One Big Disadvantage of being an Expat with Teens

Expat Life - a stroll along the water in Zurich at night

We’re a family of five. Now we’re down to just three of us in Kyiv. And the kids are only 18, just turned 17 today (Happy Birthday Emma!) and 12 years old. We’re scattered all over the world now.

It’s something we knew going into this. Several months ago these new and separate adventures were only just an exciting aspect of this expat thing. A bonus even!

This morning I left Emma at the Zurich airport with her classmates.

Last week, I put Hannah in a taxi to the Kyiv airport for her trip back to Canada for school.

All my initial excitement for their new experiences is gone. Completely.

Okay, it’s still there but it’s buried under a bit of a heavy heart. I’m trying not to be dramatic, honest. Or weepy.

We’ve been travelling as a family for years now. And during our round the world trip, we spent every single day together. Usually in just two hotel rooms. Sometimes we’d break off into groups for separate things. But pretty much we were 24 and 7 for a whole year.

It was some kind of wonderful!

For the most part.

Now, here I am in Zurich! – By myself. I’ve always had a bit of envy for solo travellers. Not so much anymore.

Don’t worry, I’m in good spirits. I even have a catchy song stuck in my head.

♫ One is the loneliest number ♪

Okay, enough of that.

This is a bit of what my last 24 hours have looked like:

I feel a bit bad for Hannah who never got to try this when she was in Kyiv. I’ve added it to a list of she-must-dos for her return. Emma and I had it for the first time at the Borispyl Airport in Kyiv Ukraine .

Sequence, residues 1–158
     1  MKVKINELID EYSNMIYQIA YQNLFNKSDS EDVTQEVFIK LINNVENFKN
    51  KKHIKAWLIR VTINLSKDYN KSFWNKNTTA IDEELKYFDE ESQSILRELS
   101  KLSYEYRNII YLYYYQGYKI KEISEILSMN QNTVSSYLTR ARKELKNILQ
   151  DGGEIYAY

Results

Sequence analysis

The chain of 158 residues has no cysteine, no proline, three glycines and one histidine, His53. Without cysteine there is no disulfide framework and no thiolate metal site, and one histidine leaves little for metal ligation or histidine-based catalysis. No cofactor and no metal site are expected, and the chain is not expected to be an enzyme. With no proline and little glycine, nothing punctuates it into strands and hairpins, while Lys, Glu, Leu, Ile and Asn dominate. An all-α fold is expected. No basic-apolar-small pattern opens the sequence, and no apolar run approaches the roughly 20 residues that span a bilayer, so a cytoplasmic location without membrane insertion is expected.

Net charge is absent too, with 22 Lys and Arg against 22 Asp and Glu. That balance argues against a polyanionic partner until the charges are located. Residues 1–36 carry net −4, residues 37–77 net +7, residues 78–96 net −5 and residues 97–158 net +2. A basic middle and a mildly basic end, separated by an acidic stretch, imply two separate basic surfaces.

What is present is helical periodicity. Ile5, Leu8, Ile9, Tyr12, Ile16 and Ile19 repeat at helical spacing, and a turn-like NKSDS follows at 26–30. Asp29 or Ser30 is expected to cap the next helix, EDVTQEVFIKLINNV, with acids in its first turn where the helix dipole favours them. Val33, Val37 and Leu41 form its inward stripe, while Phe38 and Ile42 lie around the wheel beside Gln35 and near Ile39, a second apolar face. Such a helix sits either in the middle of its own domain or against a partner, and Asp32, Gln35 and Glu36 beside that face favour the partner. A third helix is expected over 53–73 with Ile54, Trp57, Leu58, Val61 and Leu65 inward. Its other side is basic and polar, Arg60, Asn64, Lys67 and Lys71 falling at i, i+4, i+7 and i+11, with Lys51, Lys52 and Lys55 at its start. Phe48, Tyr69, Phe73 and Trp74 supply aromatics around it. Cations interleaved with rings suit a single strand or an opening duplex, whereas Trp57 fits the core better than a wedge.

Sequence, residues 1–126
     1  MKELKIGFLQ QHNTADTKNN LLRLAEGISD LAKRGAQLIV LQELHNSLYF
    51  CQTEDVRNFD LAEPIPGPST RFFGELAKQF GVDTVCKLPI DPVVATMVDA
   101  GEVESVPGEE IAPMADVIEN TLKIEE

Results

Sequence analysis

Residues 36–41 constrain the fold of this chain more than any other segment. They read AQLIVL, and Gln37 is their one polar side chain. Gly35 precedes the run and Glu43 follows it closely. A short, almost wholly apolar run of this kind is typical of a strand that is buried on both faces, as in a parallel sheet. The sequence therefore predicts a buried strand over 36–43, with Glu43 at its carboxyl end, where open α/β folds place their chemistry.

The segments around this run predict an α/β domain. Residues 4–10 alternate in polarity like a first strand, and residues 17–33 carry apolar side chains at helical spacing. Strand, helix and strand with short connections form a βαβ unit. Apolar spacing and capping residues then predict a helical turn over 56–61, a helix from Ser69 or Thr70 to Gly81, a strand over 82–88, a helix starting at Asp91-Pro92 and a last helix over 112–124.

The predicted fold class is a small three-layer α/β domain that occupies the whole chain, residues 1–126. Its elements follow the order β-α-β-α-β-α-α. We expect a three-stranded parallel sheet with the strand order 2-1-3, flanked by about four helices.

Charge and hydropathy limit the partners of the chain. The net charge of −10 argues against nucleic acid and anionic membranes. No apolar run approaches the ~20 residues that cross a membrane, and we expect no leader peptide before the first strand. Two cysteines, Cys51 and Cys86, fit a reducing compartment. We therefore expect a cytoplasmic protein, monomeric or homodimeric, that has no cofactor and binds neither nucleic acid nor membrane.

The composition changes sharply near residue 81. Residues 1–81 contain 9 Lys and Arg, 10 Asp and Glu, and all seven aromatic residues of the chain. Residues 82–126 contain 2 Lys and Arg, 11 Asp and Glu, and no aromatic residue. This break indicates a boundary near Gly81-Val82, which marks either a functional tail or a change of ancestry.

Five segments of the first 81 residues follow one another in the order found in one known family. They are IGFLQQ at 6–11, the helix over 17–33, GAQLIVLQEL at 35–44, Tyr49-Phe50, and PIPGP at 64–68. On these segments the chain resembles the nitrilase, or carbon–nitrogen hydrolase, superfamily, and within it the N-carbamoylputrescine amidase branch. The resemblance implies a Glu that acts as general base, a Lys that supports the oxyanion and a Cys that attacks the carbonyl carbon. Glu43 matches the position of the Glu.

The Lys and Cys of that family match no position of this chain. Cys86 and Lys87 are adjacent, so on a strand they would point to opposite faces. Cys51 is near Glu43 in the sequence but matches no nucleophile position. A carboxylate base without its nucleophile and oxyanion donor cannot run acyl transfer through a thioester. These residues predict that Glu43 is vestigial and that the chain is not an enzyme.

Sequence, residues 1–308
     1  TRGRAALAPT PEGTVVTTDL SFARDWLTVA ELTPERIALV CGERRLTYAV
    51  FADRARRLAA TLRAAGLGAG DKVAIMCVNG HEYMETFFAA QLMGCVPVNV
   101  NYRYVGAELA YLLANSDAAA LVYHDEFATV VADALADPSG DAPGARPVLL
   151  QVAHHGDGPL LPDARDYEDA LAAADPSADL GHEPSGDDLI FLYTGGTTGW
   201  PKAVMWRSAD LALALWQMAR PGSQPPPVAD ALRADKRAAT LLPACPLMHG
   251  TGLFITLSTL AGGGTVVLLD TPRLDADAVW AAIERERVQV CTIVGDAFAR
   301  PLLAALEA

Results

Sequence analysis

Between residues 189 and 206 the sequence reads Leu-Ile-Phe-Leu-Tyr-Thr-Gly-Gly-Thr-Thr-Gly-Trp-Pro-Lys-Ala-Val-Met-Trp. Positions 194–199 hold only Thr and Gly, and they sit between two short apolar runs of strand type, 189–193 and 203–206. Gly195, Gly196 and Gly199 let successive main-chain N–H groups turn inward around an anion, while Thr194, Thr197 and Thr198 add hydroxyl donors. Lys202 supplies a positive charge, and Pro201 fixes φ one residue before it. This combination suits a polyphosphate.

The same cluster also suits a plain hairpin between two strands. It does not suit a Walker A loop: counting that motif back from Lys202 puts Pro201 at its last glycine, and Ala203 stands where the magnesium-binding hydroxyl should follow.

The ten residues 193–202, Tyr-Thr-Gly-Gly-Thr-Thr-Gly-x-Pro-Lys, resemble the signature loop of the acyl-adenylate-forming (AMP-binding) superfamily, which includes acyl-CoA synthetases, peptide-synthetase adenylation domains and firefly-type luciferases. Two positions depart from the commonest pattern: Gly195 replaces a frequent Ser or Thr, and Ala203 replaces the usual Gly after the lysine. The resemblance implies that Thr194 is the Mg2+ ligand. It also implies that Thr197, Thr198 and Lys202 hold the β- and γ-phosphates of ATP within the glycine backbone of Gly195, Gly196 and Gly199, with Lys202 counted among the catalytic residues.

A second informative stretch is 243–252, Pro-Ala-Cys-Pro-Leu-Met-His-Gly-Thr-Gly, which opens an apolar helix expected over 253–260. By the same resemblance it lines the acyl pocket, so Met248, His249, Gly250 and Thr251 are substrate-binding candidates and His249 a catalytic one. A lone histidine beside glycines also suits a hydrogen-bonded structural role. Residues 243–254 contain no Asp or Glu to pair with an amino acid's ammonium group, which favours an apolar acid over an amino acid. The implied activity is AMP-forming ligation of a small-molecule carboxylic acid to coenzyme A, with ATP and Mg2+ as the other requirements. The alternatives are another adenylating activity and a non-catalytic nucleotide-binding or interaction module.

Cheese-filled pancakes served with sour cream and tart berry sauce.

Super yummy delicious. I could only finish three.

Kyiv, Ukraine Food - Cheese pancakes with sour cream and berry sauce

We flew Borispyl to Zurich Airport on Swiss Air. Lots of leg room. I already dislike European flights. The boarding chaos is absurd. We stayed back until everyone boarded and then took our seats.

Once we checked into the hotel, Emma and I took the tram to the centre of Zurich. The old quarter is gorgeous and the tram system is pretty cool. Emma was in charge of pictures. Of course, she’s got them all with her. So mine will have to do. Well, I took a photo of our tram stop for reference later. I’m sure you’re not interested in that. Aside from that I don’t have much to show of Zurich except at night – at least until Emma sends them off to me.

Emma, here she is eating again.

We enjoyed a delicious dinner at one of the endless restaurants in the historic area. The one we chose was in a courtyard between the main street along the water and the main shopping street. Both streets were lovely and had many tempting terraces. Though most people were only having drinks.

The restaurants in the peaceful courtyard were much less expensive than the ones just around the corner. And people were actually eating. So after exploring we settled into the garden area. Entrees ranged from 22 to 27 CHF (Swiss francs) and surprisingly a glass of wine was only 7 to 9 CHF.

We strolled around some more through the narrow cobbled streets and enjoyed the view along the water. It’s a really nice city.

The next morning Emma rearranged her bags yet again. Hopefully she’s satisfied. But still, not everything fits. No matter what she does.

It’s not too bad I guess.

We met up with her fellow students at the airport. I didn’t really talk to Emma much after this. But she was kind enough to come and give me a couple more hugs. That’s her on the far right.

There she goes.

Okay, I followed her.

Now, there she goes.